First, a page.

“Lord Bach [minister in charge of the Single Payment Scheme] told us that he felt very let down by the advice he had received from the RPA [Rural Payments Agency], upon whom he said the Department relied very heavily in these circumstances, and the “conspiracy of optimism” on the part of the Agency.”
Lord Bach told MPs that he kept being told by officials that all was well.
“I frankly have to say that I do not think that that was satisfactory from senior civil servants whose job is to tell ministers the truth.”
Let down by civil servants – Universal Credit
Now the FT reports that Francis Maude has “entered the controversy over the implementation of the government’s universal credit scheme”. Maude told the FT he believed that Iain Duncan Smith, the work and pensions secretary, had been let down by his civil servants.
Maude said senior civil servants in charge of projects should tell ministers bluntly if they felt they were being misdirected and insist on a formal “letter of direction” to show that they had raised their objections. If they did not, they should be accountable for failings on their watch.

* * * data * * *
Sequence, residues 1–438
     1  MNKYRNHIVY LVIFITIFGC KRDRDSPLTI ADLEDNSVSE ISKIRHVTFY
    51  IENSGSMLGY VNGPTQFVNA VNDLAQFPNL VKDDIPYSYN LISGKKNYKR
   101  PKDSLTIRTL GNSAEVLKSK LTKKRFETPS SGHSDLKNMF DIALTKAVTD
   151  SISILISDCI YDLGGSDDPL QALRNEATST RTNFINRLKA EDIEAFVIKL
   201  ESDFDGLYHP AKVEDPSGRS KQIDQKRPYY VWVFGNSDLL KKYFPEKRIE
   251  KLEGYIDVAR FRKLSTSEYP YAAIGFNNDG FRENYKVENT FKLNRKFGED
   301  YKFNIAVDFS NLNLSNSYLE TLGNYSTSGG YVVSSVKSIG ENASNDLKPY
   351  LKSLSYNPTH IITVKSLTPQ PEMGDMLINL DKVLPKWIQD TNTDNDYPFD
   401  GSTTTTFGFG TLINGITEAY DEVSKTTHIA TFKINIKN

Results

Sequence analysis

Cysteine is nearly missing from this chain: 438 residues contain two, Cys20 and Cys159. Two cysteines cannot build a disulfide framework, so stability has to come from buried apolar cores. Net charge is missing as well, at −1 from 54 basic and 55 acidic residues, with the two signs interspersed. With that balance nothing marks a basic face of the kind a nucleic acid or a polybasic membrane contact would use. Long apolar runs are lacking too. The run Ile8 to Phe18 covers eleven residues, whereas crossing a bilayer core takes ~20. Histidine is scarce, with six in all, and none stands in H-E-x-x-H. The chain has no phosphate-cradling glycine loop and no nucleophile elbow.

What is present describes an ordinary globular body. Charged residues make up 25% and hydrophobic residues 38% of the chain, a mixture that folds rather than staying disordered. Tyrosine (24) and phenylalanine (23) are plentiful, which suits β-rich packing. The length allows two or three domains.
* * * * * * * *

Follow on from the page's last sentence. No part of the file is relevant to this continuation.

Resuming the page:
Maude did not comment directly on whether Robert Devereux, the top official in Mr Duncan Smith’s department, should take the rap for the much-criticised implementation of universal credit, but said: “I think everybody has to take responsibility for what they were part of”.
SROs accountable to MPs?
He suggested that civil servants who are in charge of big projects, known as senior responsible owners (SROs), should account directly to parliament, which would “toughen the relationship with ministers” and give officials a greater incentive to challenge developments they believed were wrong.